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Original post by Emergent
Most people (including me) simply approximate a circle by a regular n-gon.
..what I typically do -- is to fix the length of each segment at about 1 pixel.


I'm using a regular n-gon, sorry -- I should have made this more clear, I'm just trying to find the "best" value for n. Using 1pixel-per-segment does indeed give high-quality results, but it's very wasteful when dealing with large circles.

For example, for a circle with relatively large radius (200-300 pixels), I can use segments that are 8 or more pixels in length without the tessellation being visible.

My guess was that segment length was only indirectly related to perceived error; Lord Crc has suggested a measurement of error that seems to fit my experiments much better -- measure the maximum distance between n-gon and true circle, which occurs at the midpoint of n-gon edges.

You could imagine that for large circles, segments which are several pixels in length nevertheless result in no perceptible error, because they're less than 1pix away from the circle's surface at their midpoint; this matches what I'm seeing in my tests.


I'm not sure how you arrived at your formula; it also seems like it might be a bit tricky to rearrange it so that I can easily calculate N for a given error.

Thankfully, trying to figure out your derivation led me to the term "apothem", which is the length of the line from circle center to segment midpoint -- exactly what we need!

Based on this I came up with the following:


given: radius r, # segs n, desired error r

a = r * cos(pi/n) //definition of apothem length

e = r - a
= r - (r * cos(pi/n))
= r * (1 - cos(pi/n))

rearrange to get:

n = pi / acos(1 - (e/r))


However I'm not sure if this is correct -- using e=0.1, it looks perfect, however I would have thought e=1 would look fine, and it doesn't.. this leads me to suspect that the formula is wrong and e=0.1 simply results in an overly-fine tesselation.


thanks,
Raigan

[Edited by - raigan on December 4, 2009 3:05:47 PM]

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[EDIT]
I actually made a mistake in the formula I posted. I redid it and got formula almost identical to yours, except for a factor of 2:
n = 2*pi/acos(1/(1+e/r))
[/EDIT]

I would use either your formula or mine and pick a value for e that looks OK.

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Thanks alvaro, I'll try that out; using my formula seems to result in more verts than necessary at small sizes, possibly yours is better in such cases.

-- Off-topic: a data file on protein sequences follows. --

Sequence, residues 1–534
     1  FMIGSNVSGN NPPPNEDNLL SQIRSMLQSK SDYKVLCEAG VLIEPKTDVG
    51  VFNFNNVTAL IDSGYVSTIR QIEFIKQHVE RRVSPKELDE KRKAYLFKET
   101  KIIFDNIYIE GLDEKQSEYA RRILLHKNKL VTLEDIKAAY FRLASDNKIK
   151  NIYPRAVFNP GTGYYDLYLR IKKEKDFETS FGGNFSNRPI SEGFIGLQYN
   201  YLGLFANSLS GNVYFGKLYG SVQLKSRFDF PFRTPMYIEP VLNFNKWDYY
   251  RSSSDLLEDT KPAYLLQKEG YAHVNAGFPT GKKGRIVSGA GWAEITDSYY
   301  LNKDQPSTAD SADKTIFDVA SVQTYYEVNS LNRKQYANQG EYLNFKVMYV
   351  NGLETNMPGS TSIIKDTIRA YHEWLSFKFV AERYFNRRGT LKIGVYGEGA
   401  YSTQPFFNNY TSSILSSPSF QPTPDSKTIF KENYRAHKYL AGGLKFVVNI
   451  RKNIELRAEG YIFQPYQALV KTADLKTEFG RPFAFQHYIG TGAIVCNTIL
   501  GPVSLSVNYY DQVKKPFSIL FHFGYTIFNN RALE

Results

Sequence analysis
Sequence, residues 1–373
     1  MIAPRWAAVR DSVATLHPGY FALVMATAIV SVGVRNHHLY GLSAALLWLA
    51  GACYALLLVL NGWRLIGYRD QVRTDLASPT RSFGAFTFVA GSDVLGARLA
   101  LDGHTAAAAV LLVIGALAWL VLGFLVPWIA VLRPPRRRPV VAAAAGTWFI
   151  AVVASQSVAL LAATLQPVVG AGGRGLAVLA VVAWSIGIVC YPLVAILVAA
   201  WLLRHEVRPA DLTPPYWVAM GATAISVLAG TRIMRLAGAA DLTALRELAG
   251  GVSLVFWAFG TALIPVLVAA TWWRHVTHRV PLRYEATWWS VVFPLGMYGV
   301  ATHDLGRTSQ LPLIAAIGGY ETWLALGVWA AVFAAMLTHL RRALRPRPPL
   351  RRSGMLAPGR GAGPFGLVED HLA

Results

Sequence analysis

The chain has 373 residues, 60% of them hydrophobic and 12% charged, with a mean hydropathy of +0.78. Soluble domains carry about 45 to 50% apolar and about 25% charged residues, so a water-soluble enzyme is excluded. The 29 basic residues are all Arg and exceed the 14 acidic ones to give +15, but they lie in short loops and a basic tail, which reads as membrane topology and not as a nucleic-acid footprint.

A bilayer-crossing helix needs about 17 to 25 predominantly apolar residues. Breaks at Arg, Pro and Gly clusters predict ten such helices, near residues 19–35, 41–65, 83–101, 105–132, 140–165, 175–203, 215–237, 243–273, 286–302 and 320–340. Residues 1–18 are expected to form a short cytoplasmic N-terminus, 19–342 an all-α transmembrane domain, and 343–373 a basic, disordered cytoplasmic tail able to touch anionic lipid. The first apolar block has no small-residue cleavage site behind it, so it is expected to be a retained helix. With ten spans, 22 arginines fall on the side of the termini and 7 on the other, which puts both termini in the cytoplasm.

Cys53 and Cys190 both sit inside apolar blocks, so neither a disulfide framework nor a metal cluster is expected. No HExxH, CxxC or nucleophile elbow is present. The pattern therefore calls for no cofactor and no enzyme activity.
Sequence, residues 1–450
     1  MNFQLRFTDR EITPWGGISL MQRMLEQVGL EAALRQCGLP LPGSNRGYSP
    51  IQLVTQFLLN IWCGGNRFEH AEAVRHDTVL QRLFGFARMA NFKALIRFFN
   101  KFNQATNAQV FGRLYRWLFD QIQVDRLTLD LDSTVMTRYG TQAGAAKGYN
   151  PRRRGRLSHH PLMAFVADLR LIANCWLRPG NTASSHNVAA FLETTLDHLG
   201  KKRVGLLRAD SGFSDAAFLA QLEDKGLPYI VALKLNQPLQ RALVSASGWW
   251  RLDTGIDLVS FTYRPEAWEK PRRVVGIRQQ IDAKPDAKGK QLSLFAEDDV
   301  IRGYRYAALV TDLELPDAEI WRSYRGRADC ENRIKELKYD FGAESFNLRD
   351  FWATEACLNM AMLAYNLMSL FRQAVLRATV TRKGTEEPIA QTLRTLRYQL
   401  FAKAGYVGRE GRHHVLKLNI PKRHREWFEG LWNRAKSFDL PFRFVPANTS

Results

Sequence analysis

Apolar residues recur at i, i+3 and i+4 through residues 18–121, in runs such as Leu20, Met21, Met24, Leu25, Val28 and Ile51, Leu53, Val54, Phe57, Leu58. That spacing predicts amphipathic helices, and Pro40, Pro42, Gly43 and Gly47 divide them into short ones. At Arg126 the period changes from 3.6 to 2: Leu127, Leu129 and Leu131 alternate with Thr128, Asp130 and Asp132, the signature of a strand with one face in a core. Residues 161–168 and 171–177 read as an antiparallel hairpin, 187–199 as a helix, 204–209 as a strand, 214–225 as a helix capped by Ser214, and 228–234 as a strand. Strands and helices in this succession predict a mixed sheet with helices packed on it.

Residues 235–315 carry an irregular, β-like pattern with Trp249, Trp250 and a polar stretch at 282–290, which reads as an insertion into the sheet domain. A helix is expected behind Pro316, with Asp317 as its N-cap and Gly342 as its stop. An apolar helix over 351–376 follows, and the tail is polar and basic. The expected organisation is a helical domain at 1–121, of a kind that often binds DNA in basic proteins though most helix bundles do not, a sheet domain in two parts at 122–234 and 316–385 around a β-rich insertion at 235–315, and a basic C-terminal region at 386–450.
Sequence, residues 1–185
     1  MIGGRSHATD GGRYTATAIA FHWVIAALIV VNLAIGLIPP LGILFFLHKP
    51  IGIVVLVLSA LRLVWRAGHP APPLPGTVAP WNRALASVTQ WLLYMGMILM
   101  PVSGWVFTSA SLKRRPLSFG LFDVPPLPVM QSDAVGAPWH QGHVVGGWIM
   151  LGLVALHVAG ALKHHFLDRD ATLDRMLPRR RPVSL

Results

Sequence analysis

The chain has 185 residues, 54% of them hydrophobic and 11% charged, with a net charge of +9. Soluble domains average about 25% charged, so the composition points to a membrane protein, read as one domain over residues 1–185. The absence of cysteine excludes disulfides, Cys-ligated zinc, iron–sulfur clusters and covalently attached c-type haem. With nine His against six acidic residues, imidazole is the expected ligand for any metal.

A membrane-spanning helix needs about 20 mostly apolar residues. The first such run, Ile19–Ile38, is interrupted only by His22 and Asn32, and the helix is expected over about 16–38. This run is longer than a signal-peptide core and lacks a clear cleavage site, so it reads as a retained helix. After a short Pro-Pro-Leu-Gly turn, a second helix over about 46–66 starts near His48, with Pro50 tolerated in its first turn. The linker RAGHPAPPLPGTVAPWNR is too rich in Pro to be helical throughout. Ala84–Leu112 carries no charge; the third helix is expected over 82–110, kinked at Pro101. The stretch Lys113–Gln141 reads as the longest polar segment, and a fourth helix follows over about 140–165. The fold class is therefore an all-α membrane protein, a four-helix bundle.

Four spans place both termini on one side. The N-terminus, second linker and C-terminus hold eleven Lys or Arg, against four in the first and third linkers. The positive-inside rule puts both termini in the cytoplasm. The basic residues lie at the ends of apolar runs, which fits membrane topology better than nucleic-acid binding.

Could you explain which measurement of error it's based on? I feel like I made a mistake with my derivation, but I can't find it..

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Original post by raigan
Thanks alvaro, I'll try that out; using my formula seems to result in more verts than necessary at small sizes, possibly yours is better in such cases.


No, the two are almost identical. Fix e, plot the number of vertices as a function of the radius and you'll see that the two are basically on top of each other.

Quote:
Could you explain which measurement of error it's based on? I feel like I made a mistake with my derivation, but I can't find it..


It's complicated to explain, and it won't add anything of value.

If you are still not satisfied with your results, I'll suggest a more empirical approach: Pick a few representative radii and write down the desired n for each one. You can find that desired n by playing around with it until it looks good. Then some sort of interpolation between the values you obtain will probably work just fine.

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Original post by alvaro
Quote:
Original post by raigan
Thanks alvaro, I'll try that out; using my formula seems to result in more verts than necessary at small sizes, possibly yours is better in such cases.


No, the two are almost identical. Fix e, plot the number of vertices as a function of the radius and you'll see that the two are basically on top of each other.


AFAIK they're both supposed to be formulas for the same thing:

Define a desired error,
e = Radius - Apothem(n, Radius)
and solve for n.

[If so, then] [s]imply one of the formulas (yours or alvaro's) is incorrect.
[EDIT: But it turns out that this was not actually what alvaro was solving for.]

What I get (by simplifying what I wrote in my previous post and solving) agrees with raigan's answer. More precisely, I get,



which is equal to what raigan wrote for . (I verified this to my satisfaction by plotting the two on top of each other; proving equivalence using trig identities is left as an exercise for the reader ;-) ). (And since raigan's answer is more heavily simplified [than mine], I'd go with that in an implementation of course.)